Climate[edit]

Rashaya receives between 650 millimetres (26 in) and 750 millimetres (30 in) of rainfall each year with around two fifths of this amount falling between November and March. It has an average annual temperature of 15 °C (59 °F), varying between 35 °C (95 °F) in the summer season down to −5 °C (23 °F) in winter. The dominant wind direction is east to west from which the town is somewhat sheltered by the mountains.[6]

Economy[edit]

The economy of the town is primarily based on agriculture, the services and tourism industries. The town has two olive oil presses and three grape molasses factories. Rashaya was designated one of nine poverty areas within Lebanon in a survey of 2002. The World Bank and U.S. Aid has financed development projects in the area with the assistance of the YMCA and other NGOs. Projects have included a $500,000 waste water treatment plant and redecoration of the town's guesthouse in 2007.[6][24]

Agriculture[edit]

Commonly grown crops include cherries, olives, apricots and grapes. Some wild cucumbers are also grown, however vegetables are less frequently grown due to low rainfall. Animal husbandry is also practiced, mainly with goats, of which the Labneh variety is a popular staple food for locals. Tree species such as oak, wild pistachio and sumac grow in the area. A variety of jackals and foxes, snakes, lizards and rodents live in the area along with various species of migratory birds.[6]

References[edit]

  1. ^ a b c d Slow Food Editore (11 May 2007). Terra Madre: 1,600 food communities. Slow Food Editore. ISBN 978-88-8499-118-8. Retrieved 11 September 2012. 
  2. ^ Robert M. Khouri (2003). Liban 1860: chronique des événements. R. Khouri. Retrieved 11 September 2012. 
  3. ^ [1], URL accessed May 31, 2008
  4. ^ Dominique Auzias; Jean-Paul Labourdette; Collectif (17 July 2012). Liban 2012 (avec cartes, photos + avis des lecteurs). Petit Futé. pp. 114–. ISBN 978-2-7469-6383-2. Retrieved 11 September 2012. 
  5. ^ Collectif; Jean-Paul Labourdette; Dominique Auzias (1 June 2011). Liban. Petit Futé. pp. 290–. ISBN 978-2-7469-4918-8. Retrieved 11 September 2012. 
  6. ^ a b c d e f Environmental impact assessment report, Wastewater treatment plant, Rashaya, Rashaya Caza Lebanon, YMCA-Lebanon, M.E.E.A. Ltd., Consulting Environmental Engineers, Beirut, Lebanon, November 2005.
  7. ^ Ed Aryain (15 October 2006). From Syria to Seminole: Memoir of a High Plains Merchant. Texas Tech University Press. pp. 215–. ISBN 978-0-89672-586-7. Retrieved 11 September 2012. 
  8. ^ L. Copeland; P. Wescombe (1966). Inventory of Stone-Age Sites in Lebanon: North, South and East-Central Lebanon, p. 34-35. Impr. Catholique. Retrieved 29 August 2011.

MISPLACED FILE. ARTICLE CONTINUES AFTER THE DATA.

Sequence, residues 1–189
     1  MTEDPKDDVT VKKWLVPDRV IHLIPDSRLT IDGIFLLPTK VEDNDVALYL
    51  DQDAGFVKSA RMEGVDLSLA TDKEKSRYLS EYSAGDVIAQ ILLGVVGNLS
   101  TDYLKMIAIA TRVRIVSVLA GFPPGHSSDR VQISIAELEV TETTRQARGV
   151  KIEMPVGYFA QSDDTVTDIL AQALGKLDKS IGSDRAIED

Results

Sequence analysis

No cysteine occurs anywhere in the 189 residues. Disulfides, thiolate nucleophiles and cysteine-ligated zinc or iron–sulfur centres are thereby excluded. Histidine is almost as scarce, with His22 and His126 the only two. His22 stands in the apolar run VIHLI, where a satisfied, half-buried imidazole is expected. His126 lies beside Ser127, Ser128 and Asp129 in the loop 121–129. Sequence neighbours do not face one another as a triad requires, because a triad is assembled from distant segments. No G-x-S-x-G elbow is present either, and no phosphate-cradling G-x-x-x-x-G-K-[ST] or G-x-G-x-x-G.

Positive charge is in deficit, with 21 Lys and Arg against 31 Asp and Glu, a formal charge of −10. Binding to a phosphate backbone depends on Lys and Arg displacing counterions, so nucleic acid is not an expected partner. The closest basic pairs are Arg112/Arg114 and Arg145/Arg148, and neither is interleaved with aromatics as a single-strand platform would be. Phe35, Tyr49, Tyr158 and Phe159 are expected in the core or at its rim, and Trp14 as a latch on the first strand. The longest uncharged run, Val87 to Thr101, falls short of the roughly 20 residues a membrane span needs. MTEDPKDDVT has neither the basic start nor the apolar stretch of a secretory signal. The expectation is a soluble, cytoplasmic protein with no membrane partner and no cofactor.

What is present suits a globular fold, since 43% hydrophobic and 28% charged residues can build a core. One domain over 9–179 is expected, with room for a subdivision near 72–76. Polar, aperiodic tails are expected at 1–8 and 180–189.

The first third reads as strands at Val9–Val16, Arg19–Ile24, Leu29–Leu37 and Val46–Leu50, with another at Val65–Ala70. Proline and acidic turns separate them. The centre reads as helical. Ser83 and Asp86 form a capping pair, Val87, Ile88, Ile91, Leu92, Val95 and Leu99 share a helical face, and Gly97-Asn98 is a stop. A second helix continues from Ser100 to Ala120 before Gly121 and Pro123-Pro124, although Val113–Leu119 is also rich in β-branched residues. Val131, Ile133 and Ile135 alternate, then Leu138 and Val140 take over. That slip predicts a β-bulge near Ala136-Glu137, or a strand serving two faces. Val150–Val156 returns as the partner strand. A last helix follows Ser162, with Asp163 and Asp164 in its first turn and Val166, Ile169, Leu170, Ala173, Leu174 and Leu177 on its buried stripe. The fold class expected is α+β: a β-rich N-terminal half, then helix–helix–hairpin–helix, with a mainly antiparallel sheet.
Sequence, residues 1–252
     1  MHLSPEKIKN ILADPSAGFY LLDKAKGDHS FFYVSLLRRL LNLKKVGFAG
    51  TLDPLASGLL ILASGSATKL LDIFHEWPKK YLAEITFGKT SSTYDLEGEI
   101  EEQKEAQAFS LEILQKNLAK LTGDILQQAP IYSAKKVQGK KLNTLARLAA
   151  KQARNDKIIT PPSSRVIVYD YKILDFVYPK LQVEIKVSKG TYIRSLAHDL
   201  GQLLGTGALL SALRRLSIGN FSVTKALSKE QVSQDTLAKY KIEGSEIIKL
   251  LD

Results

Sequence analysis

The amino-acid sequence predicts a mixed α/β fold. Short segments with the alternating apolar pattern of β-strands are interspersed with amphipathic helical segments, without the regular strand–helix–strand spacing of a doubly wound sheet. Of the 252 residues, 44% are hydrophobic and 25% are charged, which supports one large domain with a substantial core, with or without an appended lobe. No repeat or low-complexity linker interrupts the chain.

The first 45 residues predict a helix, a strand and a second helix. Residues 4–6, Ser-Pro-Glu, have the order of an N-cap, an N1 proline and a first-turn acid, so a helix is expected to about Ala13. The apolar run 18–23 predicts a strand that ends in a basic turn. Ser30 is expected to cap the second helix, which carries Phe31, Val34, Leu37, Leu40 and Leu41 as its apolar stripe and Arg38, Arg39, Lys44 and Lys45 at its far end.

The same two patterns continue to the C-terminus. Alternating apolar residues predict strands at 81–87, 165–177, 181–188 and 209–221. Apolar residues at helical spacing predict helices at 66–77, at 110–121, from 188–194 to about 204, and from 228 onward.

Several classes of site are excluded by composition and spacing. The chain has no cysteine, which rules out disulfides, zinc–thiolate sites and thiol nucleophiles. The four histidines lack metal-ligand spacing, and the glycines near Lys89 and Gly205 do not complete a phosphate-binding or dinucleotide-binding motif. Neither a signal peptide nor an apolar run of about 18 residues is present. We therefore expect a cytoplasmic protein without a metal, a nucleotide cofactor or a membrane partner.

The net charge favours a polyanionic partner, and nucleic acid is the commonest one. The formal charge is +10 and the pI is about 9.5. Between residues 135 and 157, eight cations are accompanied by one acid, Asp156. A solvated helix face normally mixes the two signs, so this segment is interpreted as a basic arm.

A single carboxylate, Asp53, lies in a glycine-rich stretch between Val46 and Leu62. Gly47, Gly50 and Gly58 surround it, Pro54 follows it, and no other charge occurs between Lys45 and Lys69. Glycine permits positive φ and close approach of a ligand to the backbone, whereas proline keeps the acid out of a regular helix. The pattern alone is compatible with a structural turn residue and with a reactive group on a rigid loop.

9. ^ George Taylor (1971). The Roman temples of Lebanon: a pictorial guide. Les temples romains au Liban; guide illustré. Dar el-Machreq Publishers. Retrieved 11 September 2012. 
  10. ^ Moore, A.M.T. (1978). The Neolithic of the Levant. Oxford University, Unpublished Ph.D. Thesis. pp. 436–442. 
  11. ^ J. Cauvin., Mèches en silex et travail du basalte au IVe millénaire en Béka (Liban)., pp. 118-131, Melanges de l'Universite Saint-Joseph, Volume 45, Universite Saint-Joseph (Beirut, Lebanon), 1969.
  12. ^ Copeland, Lorraine., Neolithic village sites in the South Bekaa, Lebanon., pp. 83-114, Melanges de l'Universite Saint-Joseph, Volume 45, Universite Saint-Joseph (Beirut, Lebanon), 1969.
  13. ^ Copeland, Lorraine & Wescombe, P. J., Inventory of Stone Age Sites in Lebanon (1966) Part 2: North - South - East Central Lebanon, pp 23, 1-174, Melanges de L'Universite Saint-Joseph, Volume 42,Universite Saint-Joseph (Beirut, Lebanon), 1966.
  14. ^ Eugenie Elie Abouchdid (1948). Thirty years of Lebanon & Syria, 1917-1947. Sader-Rihani Print. Co. Retrieved 11 September 2012. 
  15. ^ a b Meir Zamir (1985). The Formation Of Modern Lebanon. Croom Helm. pp. 175–. ISBN 978-0-7099-3002-0. Retrieved 11 September 2012. 
  16. ^ Lebanon Atlas - Rashaya: Tourism in Lebanon, Lebanon Touristic Sites, Rachaya al Wadi, Rashayya
  17. ^ Hottinger. University of California Press. pp. 174–. GGKEY:2Z8L6JXTWN3. Retrieved 11 September 2012. 
  18. ^ George Seldes (30 July 2004). You Can't Print That! the Truth Behind the News 1918 To 1928. Kessinger Publishing. pp. 262–. ISBN 978-1-4179-3909-1. Retrieved 11 September 2012. 
  19. ^ William Harris (19 July 2012). Lebanon: A History, 600-2011. Oxford University Press. pp. 158–. ISBN 978-0-19-518111-1. Retrieved 11 September 2012. 
  20. ^ Tony Jaques (2007). Dictionary of Battles and Sieges: P-Z. Greenwood Publishing Group. pp. 841–. ISBN 978-0-313-33539-6. Retrieved 11 September 2012. 
  21. ^ Garfunkel, Z., Zak, I. and Freund, E., Active faulting in the Dead Sea rift, Tectonophysics, Elsevier, 1981.
  22. ^ Robert E. Holdsworth (1998). Continental transpressional and transtensional tectonics. The Geological Society. ISBN 978-1-86239-007-2. Retrieved 11 September 2012. 
  23. ^ A., Eyal, M., & Eyal, Y., The evolution of Barahta rhomb-shaped graben, Mount Hermon, Dead Sea transformation, Tectonophysics, Elsevier, 1990.
  24. ^ USAID opens water treatment plants in Bekaa, The Daily Star (Lebanon), July 30, 2007.

External links[edit]